‘Welcome to European Union’ is an exhibition of photography, video and works on paper which examines the transformations that have taken place in the newly created borderland areas between Narva in Estonia and Ivangorod in Russia. As new EU lines have been drawn on a map the public spaces ‘inbetween’ the borderlands are contested and new rules and regulations applied, redefining the physical and social boundaries, and reshaping communities. It’s been developed as an interdisciplinary cultural project by the sociologist Alena Pfoser and artist Eva Engelbert, with participation and contributions from the photoclub ‘Narva’, Estonia, and opens tomorrow (Tuesday 8th October) daily between 10AM-4PM  in the LUA Project Space in the Edward Barnsley Building (next to the Cope Auditorium in the campus’s East Park) and runs through until Friday 25th October. Admission is free.

Accompanying the exhibition on Friday 18th October, also at the LUA Project Space, is a day-long symposium of presentations and discussion, European Borderscapes, exploring the reconfiguration of European borders after the fall of the Iron Curtain and Eastern enlargement, and how rather than dissolving, the number of borders has multiplied and become more differentiated. Alena Pfoser has programmed the event in collaboration with the CulCom Research Group and has been financially supported by Radar, the Graduate School Research Culture Fund and Loughborough University’s Department of Social Sciences. This event is also free, but booking is required via this link.

For further information, visit the Loughborough University Arts page here.

Forthcoming Arts Events on Campus During the Autumn Term


A host of award-winning artists and musicians will be visiting the campus this term.

Author Blake Morrison, whose novel The Long Weekend was recently dramatised on ITV, will be talking about his life and career at the Martin Hall Theatre at 7PM on Thursday 24th October. He will be reading from his works and afterwards will be available to sign copies of his books.

 On Friday 1st November from 7PM in the Leonard Dixon Studio at the Martin Hall writer and theatre maker Martin Pinchbeck will be presenting three works inspired by the works of Shakespeare under the umbrella title of The Trilogy. The Beginning, an interpretation of A Midsummer Night’s Dream, The Middle, a deconstruction of Hamlet, and The End triggered by a stage direction form The Winter’s Tale. Fusing an experimental approach to Shakespeare’s text with the company’s personal stories about their first and last times onstage, The Trilogy asks the audience to enter a world where a perfomance can be a rehearsal, text can be both script and set and they are always aware of where the fire exists are.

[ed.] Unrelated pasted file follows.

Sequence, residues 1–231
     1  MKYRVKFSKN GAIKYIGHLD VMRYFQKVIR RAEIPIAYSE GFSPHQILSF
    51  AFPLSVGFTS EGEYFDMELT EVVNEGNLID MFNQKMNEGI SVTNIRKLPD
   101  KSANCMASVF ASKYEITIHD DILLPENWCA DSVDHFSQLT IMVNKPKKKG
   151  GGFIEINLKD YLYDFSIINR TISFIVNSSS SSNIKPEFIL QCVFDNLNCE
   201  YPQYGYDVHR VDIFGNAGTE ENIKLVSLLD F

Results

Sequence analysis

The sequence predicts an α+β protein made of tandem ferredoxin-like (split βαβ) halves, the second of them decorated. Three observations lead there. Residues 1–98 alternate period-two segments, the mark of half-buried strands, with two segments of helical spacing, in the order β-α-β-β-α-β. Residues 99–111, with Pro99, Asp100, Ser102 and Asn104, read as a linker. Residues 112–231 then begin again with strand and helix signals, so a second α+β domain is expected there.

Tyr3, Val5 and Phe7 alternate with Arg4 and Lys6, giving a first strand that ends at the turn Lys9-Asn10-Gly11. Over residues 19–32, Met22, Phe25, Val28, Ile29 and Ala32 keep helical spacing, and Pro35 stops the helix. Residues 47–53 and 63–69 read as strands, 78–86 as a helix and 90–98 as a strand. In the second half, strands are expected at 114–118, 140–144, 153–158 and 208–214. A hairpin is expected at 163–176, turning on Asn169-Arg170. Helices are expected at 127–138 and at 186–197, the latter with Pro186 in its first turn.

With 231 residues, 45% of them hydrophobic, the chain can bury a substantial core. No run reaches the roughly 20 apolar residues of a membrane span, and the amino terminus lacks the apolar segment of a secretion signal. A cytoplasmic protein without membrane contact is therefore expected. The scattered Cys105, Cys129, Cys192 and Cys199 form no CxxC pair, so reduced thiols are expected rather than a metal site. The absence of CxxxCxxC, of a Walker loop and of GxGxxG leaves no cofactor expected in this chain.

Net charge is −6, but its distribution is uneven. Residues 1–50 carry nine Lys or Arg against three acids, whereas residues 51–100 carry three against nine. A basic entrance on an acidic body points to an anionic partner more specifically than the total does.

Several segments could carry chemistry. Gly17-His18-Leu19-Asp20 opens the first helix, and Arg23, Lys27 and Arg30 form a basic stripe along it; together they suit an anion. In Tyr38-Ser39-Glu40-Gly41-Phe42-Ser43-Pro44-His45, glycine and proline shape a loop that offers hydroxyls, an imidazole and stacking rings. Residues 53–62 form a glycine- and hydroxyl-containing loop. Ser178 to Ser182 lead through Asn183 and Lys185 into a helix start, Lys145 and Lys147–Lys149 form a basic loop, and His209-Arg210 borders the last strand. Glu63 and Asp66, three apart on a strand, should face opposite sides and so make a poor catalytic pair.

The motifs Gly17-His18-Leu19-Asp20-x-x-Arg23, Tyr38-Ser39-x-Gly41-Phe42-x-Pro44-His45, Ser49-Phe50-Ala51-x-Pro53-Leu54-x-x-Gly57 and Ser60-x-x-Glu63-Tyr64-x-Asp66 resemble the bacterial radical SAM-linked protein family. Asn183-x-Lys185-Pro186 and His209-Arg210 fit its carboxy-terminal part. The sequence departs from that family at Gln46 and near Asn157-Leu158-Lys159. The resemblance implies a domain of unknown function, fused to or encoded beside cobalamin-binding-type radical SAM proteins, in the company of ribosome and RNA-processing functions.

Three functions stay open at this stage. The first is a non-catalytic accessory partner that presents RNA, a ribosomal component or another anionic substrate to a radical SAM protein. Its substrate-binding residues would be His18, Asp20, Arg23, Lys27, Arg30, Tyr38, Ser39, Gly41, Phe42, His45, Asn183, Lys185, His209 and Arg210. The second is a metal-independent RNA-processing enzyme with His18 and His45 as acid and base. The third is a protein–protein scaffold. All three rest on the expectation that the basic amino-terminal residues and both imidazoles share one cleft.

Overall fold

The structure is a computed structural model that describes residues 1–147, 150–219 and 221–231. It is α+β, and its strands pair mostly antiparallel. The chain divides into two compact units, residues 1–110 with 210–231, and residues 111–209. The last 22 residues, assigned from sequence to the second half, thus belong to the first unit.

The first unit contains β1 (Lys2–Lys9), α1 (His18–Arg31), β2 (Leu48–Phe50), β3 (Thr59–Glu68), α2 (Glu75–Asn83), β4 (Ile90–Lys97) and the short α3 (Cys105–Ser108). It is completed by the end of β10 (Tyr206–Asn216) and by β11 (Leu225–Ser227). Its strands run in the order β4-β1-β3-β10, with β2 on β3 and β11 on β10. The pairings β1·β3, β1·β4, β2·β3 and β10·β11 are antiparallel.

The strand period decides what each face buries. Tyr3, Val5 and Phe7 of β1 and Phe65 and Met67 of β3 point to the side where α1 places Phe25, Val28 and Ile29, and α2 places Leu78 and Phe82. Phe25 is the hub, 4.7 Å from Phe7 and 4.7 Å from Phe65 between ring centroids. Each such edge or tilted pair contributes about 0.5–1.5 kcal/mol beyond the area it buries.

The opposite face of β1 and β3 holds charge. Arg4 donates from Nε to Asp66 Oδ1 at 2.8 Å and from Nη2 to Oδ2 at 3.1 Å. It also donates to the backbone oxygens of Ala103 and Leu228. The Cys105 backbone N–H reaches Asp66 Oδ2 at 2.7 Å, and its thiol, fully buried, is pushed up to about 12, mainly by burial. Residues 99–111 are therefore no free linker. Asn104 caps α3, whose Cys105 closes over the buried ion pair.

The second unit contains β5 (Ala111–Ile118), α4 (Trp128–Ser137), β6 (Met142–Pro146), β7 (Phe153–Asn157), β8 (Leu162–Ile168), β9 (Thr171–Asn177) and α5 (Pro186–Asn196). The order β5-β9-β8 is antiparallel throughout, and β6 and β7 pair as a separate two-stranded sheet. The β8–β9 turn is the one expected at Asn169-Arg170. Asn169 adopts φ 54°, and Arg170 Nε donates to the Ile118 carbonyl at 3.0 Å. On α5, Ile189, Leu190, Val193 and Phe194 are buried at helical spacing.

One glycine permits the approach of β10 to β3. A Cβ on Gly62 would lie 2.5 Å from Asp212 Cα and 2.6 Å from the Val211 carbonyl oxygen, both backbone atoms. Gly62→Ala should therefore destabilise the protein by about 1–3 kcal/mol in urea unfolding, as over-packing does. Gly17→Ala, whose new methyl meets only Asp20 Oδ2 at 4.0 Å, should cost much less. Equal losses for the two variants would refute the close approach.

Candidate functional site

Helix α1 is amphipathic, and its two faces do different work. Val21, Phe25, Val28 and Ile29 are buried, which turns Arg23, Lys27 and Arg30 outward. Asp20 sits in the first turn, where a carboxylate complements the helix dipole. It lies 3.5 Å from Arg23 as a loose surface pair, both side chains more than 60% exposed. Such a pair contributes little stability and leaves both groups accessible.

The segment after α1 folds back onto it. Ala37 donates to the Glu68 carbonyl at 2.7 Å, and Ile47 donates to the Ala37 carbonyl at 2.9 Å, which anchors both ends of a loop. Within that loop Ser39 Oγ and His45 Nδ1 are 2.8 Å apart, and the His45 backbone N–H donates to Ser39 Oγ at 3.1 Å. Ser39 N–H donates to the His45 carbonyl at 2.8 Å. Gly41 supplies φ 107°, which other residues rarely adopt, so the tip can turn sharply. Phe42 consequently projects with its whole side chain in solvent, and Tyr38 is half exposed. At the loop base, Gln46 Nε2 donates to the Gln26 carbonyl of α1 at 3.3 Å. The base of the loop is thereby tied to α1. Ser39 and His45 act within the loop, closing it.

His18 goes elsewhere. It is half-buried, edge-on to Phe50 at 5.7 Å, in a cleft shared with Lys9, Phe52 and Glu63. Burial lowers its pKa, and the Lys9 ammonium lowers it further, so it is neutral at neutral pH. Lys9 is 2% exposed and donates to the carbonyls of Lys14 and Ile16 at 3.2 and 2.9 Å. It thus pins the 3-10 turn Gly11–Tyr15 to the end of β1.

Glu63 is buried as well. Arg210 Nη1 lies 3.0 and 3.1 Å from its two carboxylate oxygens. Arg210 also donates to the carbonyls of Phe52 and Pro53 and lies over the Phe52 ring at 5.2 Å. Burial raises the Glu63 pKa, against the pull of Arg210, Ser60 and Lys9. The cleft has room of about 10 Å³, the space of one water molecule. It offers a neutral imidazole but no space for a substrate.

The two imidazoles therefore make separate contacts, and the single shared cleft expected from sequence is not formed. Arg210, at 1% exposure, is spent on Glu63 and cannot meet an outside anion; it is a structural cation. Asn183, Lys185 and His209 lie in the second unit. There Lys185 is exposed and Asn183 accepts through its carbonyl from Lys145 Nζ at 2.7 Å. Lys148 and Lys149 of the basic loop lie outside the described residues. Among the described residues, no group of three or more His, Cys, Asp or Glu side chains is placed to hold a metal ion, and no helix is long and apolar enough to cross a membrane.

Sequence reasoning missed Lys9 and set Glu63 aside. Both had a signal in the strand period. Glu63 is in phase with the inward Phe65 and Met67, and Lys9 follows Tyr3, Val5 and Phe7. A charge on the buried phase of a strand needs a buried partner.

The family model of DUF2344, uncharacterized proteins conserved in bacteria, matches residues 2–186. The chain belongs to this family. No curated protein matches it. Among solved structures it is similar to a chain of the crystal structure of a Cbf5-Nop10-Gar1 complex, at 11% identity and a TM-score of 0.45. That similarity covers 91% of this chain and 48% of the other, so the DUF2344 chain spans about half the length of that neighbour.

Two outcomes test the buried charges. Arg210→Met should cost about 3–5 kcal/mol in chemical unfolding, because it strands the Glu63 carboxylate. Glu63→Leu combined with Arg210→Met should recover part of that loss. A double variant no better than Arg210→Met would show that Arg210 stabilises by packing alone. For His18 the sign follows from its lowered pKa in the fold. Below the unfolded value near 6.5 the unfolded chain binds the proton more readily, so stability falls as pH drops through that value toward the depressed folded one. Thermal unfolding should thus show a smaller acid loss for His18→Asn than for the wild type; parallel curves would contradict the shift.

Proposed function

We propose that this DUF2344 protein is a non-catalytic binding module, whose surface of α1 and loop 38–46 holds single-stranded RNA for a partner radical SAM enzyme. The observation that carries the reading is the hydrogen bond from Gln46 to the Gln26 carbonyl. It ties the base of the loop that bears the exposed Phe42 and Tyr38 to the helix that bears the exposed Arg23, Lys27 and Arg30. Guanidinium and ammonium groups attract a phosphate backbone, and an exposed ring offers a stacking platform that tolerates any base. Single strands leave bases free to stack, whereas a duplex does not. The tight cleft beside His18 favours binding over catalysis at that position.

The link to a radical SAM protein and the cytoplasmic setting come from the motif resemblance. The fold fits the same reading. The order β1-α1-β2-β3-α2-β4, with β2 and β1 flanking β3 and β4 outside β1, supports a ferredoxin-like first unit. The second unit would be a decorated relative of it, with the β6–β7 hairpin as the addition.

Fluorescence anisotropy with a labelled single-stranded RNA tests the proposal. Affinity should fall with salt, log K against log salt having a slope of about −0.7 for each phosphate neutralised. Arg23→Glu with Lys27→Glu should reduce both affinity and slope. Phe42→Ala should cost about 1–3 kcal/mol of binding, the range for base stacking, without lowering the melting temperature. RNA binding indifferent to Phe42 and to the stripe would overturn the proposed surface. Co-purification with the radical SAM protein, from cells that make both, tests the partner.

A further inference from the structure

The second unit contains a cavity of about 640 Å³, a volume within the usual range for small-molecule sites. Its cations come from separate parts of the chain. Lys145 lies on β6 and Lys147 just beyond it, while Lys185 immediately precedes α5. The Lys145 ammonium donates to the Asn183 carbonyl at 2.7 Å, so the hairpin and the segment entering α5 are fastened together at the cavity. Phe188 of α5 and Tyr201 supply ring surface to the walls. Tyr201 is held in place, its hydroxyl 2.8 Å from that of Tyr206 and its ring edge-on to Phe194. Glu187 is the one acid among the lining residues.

On Wednesday 6th November at 7PM in the Cope Auditorium the Gould Piano Trio will be playing a selection of Mozart, Smetna and Schubert. Regularly featured on Radio 3, the Trio are one of the UK’s leading ensembles, having established, over their 20 year history, an enviable reputation at home and abroad for their compelling style, integrity and imagination.

Music is said to aid the digestion, so why not take your sarnies along to a Lunchtime Concert at the Art Cafe in the Cope Auditorium starring the Cardinal Saxophone Quintet who will be performing a foot tapping programme of saxophone originals and arrangements of popular music. Better yet, it’s free!

Folk music fans are in for a treat when Kathryn Tickle and the Side (pictured above) visit the Martin Hall Theatre on Wednesday 27th November (doors 7PM). Channelling their diverse musical experiences into a powerful new sound The Side stay true to the spirit and essence of Kathryn’s own Nurthumbrian folk tradition whilst unleashing the talent and creativity of each individual musician.

On Monday 2nd December Speech Bubble, the Lufbra Poetry Jam, blows up again in the Cognito Bar at the Student Union from 7PM.  Featuring the performing talents of students, locals and professional mentally-muscled, pencil-pushers in a night of oral entertainment.

Christmas isn’t all that far off really, and to help give you that festive feeling the University Choir, aided & abetted by the University String Orchestra, will be performing Charpentier’s Messe de Minuit – music for Christmas Eve based on French Christmas folk songs – at the Cope Auditorium from 7PM on Wednesday 4th December.

For full details, ticket prices and booking links, visit the Loughborough University Arts page here: